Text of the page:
The Sherman Avenue historic district is an area of gracious middle class houses dating mostly from the mid 1890s to the late 1920s. Created out of marshland along the shores of Lake Mendota, it was built during Madison's first era of suburban expansion. Unlike the popular west side suburbs, however, it was located near the downtown, only ten blocks east of the Capitol Square. The district includes the five‑block long section of Sherman Avenue that stretches from Giddings Park on the south to Tenney Park on the north. The district is composed essentially of the eighty-two residential buildings that face Brearly Street and Sherman Avenue, along with numerous garages and boathouses. The topography is flat, since most of the area is filled marshland. The scenic natural beauty is provided by the backdrop of Lake Mendota, a large, majestic inland lake with a lively and variable character. The houses on the west side of Sherman Avenue all have lake frontages. Almost all of the houses were built as single-family residences, only six of which were built to be rental units. Three structures were built as two-flats, one of which was owner occupied. The Sherman Apartments (480 North Baldwin Street) is a substantial brick seven unit structure that was also owner-occupied at first. The only nonresidential primary building ever constructed in the district was a two-story frame grocery store built in 1916 by Carl and Mary Dengel behind the$r house at 1113 Sherman. The Dengels ran the grocery store here until 1932 when they converted the building into a two-flat.
As one might expect, the houses on the lake side are larger and more Imposing than the houses across the street, although there are several large residences on the non-lake side, includinc the Tudor Revival Nelson house at 1015 Sherman, the vernacular Queen Anne Lenzer house at 1025, the Prairie Style Hokanson house at 1047, the French provincial Frautschi house at 1301 and the Lewis bungalow at 1315.
The elements unifying the two sides of the street are similar setbacks, building heights, rooflines, materials and art eclectic mixture of styles, from Queen Anne to the period revivals Most of the houses are fairly close to the sidewalk, except in the 1200 block along the lake, where the angle of the lakeshore created deeper lots. Most of r the houses on both sides of the street are also close together, the lots typically being 50 feet wide. Ninety five percent of the houses are 1% to 7h stories high (three houses are one story high and the Sherman Apartments is three stories high). Most rooflines are hipped or gabled. The houses are sided in wood (37%), stucco (22%), brick (16%), and stone (6%) or a combination of two of these materials (19%).
The architectural styles are similarly varied. There are 23 Queen Anne/shingle style houses, 25 prairie/Craftsman/bungalow houses, and 20 period revival style houses (colonial, Tudor, Cotswold Cottage, Mediterranean and French provincial). The other 14 houses are modern or vernacular.
Another unifying element is the high degree of integrity of the houses on- both sides of the street and the unobtrusive appearance of the non‑contributing buildings. Most of the houses in the district look very much like they did when they were built. In a few instances, alterations to the rooflines have occurred and some attached garages have been constructed, but other than that, most alterations that have been undertaken have been sensitive to the design integrity of the buildings. There are six non‑contributing buildings, all constructed after 1939. Two of these buildings are period revival in style and therefore blend in quite well with the other buildings. One is a 1940s vernacular cottage, two are 1950s suburban style houses, and one is a 1973 boathouse that is nearly invisible from the street.
The Louis Hirsig house, 1010 Sherman Avenue, is listed on the National Register and is a designated Madison landmark, 1975, Madison Landmarks Commission, Madison, WI 53710.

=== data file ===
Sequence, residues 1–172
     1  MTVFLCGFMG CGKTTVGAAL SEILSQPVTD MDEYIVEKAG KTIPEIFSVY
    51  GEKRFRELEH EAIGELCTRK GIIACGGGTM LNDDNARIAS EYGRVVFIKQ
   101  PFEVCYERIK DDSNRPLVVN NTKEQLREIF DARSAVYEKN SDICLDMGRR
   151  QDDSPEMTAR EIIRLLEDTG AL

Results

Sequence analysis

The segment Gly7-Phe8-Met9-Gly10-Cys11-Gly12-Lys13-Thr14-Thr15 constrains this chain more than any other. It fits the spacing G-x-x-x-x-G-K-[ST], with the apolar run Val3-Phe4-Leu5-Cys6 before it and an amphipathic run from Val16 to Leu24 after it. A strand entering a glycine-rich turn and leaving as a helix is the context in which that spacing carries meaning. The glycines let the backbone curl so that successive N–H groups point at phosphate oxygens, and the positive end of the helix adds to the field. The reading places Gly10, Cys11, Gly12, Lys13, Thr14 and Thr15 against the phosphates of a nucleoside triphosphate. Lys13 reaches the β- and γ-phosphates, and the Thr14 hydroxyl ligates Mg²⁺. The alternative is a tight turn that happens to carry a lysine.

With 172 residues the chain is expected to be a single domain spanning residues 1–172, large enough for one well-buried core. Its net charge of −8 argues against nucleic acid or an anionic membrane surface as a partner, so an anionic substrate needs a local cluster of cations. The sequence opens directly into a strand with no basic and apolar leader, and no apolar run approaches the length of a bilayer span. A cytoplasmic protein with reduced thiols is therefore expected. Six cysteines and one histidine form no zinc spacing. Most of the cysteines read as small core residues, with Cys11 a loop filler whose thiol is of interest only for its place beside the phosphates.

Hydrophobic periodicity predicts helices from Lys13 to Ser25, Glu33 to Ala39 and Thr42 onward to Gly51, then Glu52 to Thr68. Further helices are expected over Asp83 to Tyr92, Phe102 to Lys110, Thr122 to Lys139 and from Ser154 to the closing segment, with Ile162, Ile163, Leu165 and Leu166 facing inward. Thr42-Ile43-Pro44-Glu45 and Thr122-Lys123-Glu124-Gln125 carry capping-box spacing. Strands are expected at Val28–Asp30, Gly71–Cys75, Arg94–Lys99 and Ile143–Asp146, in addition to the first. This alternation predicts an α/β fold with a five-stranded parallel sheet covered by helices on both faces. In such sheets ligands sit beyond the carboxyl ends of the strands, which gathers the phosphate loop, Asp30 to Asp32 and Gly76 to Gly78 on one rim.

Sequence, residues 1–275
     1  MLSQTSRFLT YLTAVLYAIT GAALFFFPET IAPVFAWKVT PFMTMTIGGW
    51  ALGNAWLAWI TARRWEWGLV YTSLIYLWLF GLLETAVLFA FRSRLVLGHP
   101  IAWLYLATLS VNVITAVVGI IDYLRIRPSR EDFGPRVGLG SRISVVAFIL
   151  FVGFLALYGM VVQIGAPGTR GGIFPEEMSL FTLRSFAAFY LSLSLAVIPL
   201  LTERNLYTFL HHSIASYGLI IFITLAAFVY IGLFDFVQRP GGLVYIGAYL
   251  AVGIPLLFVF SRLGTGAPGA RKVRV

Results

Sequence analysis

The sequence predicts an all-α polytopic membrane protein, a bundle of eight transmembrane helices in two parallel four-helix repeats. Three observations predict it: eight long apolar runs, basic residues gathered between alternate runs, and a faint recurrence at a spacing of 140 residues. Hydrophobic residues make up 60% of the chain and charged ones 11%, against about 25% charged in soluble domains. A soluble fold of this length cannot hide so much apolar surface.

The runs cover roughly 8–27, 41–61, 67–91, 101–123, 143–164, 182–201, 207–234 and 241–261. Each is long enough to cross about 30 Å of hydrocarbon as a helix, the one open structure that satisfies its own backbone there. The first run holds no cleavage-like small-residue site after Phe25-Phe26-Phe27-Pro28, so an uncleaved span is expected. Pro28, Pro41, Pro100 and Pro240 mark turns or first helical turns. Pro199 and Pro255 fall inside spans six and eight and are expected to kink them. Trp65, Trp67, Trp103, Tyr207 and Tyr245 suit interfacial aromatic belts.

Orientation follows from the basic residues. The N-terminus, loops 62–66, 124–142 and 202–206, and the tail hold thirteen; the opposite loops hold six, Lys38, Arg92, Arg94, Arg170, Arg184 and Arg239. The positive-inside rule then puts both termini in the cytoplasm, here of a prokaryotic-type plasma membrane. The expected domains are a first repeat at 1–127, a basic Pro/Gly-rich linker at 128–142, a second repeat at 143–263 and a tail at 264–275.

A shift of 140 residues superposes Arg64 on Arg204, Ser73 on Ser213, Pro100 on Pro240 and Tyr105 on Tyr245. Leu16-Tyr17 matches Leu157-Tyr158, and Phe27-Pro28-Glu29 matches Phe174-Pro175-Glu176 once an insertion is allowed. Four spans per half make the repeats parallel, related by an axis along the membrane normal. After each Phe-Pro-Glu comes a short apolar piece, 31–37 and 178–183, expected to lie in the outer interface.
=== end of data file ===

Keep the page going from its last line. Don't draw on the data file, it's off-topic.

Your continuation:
SignificanceSherman Avenue and its surrounding area were included in the original plat of Madison drawn up in 1836 for pioneer Wisconsin land agent and speculator, James Duane Doty. Following the shoreline of Lake Mendota, Sherman Avenue was one of only a handful of streets that did not conform to the plat's rectangular grid pattern. Surveyor Suydam's notes on the plat stated that some blocks in the Sherman Avenue area were "wet prairie". Suydam surveyed the area in October, when the land was probably fairly dry. In the spring, these areas were often "a shallow lake ... and in places covered by water at all times."
To the east, however, a hillock provided enough high ground for a saw and flour mill to be constructed. Channel!izing the meandering Yahara River, the outlet of which was just east of the boundary of the district, permitted the creation of a;four-foot drop ;to power the mill. The mill was erected in 1850 for Leonard J. Farwell, a land speculator who owned most of the land east of the Capitol Square and who was credited with Madison's 1850's building boom. At the same time, Messrs. Tibbets and Gordon erected a brewery on the same high ground, creating Madison's first industrial enclave. Further to the east, a beautiful maple-studded area beloved by the Indians (later the Village of Maple Bluff), became gentleman farms for Farwell and a few other, prominent pioneer families. Except for the springtime, when it was often a muddy quagmire, Sherman Avenue became the favored route to this eastern industrial and residential sector because of its scenic aspect along Lake Mendota's shore. Although the mill and the brewery both changed hands several times, the land along Sherman Avenue continued as part of the mill-brewery property. Sometime in the 19th century, someone planted a line of willow trees along the avenue and the street became a favorite Sunday promenade. No doubt a large part of the reason for this local pasttime was the fact that the brewery ran a saloon as an adjunct to its operations. Madison's many German residents cherished their Sunday outings to the beer gardens and saloons on Madison's outskirts. Only one house was built in the district before the 1890s development boom. In 1854, Robert and Sarah Hastie built a charming frame cottage at the corner of Brearly and Gorham Streets. Hastie was a house painter. Later, in 1872, the house became the home of the Joseph and Johannah Schubert family. Joseph Schubert was Madison's premier photographer in the late 19th century.